At the age of thirty-five, Fanny Van de Grift Osbourne has left her philandering husband in San Francisco to set sail for Belgium—with her three children and nanny in tow—to study art. It is a chance for this adventurous woman to start over, to make a better life for all of them, and to pursue her own desires. Not long after her arrival, however, tragedy strikes, and Fanny and her children repair to a quiet artists’ colony in France where she can recuperate. Emerging from a deep sorrow, she meets a lively Scot, Robert Louis Stevenson, ten years her junior, who falls instantly in love with the earthy, independent, and opinionated “belle Americaine.”
Fanny does not immediately take to the slender young lawyer who longs to devote his life to writing—and who would eventually pen such classics as Treasure Island and The Strange Case of Dr. Jekyll and Mr. Hyde. In time, though, she succumbs to Stevenson’s charms, and the two begin a fierce love affair—marked by intense joy and harrowing darkness—that spans the decades and the globe. The shared life of these two strong-willed individuals unfolds into an adventure as impassioned and unpredictable as any of Stevenson’s own unforgettable tales.
A dangerous case with ties leading back to the battlefields of World War I dredges up dark memories for Scotland Yard Inspector Ian Rutledge in Hunting Shadows, a gripping and atmospheric historical mystery set in 1920s England, from acclaimed New York Times bestselling author Charles Todd.
A society wedding at Ely Cathedral in Cambridgeshire becomes a crime scene when a man is murdered. After another body is found, the baffled local constabulary turns to Scotland Yard. Though the second crime had a witness, her description of the killer is so strange its unbelievable.
Despite his experience, Inspector Ian Rutledge has few answers of his own. The victims are so different that there is no rhyme or reason to their deaths. Nothing logically seems to connect them—except the killer. As the investigation widens, a clear suspect emerges. But for Rutledge, the facts still don’t add up, leaving him to question his own judgment.
In going over the details of the case, Rutledge is reminded of a dark episode he witnessed in the war. While the memory could lead him to the truth, it also raises a prickly dilemma. To stop a murderer, will the ethical detective choose to follow the letter—or the spirit—of the law?
From the author of New York Times bestseller Garden Spells comes a beautiful, haunting story of old loves and new, and the power of the connections that bind us forever…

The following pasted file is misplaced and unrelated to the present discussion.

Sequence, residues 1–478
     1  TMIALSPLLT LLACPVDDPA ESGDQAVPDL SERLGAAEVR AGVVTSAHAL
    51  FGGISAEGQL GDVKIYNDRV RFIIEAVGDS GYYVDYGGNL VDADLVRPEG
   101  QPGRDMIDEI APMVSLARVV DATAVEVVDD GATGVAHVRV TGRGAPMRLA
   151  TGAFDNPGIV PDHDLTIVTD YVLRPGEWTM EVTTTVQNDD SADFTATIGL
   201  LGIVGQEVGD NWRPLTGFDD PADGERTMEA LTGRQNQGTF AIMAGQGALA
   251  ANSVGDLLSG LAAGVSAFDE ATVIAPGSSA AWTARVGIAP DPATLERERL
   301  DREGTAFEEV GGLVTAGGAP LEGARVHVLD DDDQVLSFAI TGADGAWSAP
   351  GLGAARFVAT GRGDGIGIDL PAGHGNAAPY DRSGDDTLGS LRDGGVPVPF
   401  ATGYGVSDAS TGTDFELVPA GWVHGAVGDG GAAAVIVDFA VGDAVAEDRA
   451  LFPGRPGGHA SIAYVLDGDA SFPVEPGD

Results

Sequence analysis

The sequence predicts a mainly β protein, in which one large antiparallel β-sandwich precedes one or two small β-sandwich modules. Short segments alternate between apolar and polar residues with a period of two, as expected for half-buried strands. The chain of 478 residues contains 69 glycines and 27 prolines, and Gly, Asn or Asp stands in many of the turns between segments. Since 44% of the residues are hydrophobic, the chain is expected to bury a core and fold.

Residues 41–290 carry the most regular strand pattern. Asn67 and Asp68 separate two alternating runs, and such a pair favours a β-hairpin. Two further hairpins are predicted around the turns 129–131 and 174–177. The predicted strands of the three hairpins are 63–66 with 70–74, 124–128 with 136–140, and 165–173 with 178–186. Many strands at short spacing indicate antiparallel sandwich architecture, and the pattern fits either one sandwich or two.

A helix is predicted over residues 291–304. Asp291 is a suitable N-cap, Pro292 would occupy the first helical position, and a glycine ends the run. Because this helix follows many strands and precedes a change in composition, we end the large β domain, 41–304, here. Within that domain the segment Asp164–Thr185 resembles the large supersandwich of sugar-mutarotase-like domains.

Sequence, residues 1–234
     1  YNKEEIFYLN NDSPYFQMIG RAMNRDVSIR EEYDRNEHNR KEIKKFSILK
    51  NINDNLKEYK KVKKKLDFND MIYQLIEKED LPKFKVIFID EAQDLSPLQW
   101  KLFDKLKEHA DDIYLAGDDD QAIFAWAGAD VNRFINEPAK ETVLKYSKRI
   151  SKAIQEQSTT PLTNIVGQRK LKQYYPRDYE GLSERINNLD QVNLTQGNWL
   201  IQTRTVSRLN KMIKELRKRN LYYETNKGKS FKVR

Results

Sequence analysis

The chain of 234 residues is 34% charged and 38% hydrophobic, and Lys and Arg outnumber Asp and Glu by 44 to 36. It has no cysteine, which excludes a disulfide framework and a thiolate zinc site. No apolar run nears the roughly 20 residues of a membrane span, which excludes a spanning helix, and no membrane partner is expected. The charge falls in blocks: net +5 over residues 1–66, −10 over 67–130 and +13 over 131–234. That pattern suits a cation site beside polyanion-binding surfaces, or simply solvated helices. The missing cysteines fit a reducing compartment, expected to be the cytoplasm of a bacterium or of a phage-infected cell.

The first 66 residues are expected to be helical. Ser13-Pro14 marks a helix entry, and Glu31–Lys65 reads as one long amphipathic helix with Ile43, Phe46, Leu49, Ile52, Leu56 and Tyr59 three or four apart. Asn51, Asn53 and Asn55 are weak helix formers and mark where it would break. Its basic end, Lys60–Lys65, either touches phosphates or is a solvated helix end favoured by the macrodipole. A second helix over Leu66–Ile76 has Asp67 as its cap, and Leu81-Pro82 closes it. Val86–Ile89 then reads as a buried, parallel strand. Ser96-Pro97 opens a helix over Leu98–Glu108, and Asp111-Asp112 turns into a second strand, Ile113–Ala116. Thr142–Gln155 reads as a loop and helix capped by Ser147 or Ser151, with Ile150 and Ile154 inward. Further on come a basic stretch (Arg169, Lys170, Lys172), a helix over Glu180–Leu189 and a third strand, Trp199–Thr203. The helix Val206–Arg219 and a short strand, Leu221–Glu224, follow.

The first time Eby Pim saw Lost Lake, it was on a picture postcard. Just an old photo and a few words on a small square of heavy stock, but when she saw it, she knew she was seeing her future.
That was half a life ago. Now Lost Lake is about to slip into Eby’s past. Her husband George is long passed. Most of her demanding extended family are gone. All that’s left is a once-charming collection of lakeside cabins succumbing to the Southern Georgia heat and damp, and an assortment of faithful misfits drawn back to Lost Lake year after year by their own unspoken dreams and desires.
It’s a lot, but not enough to keep Eby from relinquishing Lost Lake to a developer with cash in hand, and calling this her final summer at the lake. Until one last chance at family knocks on her door.
Lost Lake is where Kate Pheris spent her last best summer at the age of twelve, before she learned of loneliness, and heartbreak, and loss. Now she’s all too familiar with those things, but she knows about hope too, thanks to her resilient daughter Devin, and her own willingness to start moving forward. Perhaps at Lost Lake her little girl can cling to her own childhood for just a little longer… and maybe Kate herself can rediscover something that slipped through her fingers so long ago.
One after another, people find their way to Lost Lake, looking for something that they weren’t sure they needed in the first place: love, closure, a second chance, peace, a mystery solved, a heart mended. Can they find what they need before it’s too late?
At once atmospheric and enchanting, Lost Lake shows Sarah Addison Allen at her finest, illuminating the secret longings and the everyday magic that wait to be discovered in the unlikeliest of places.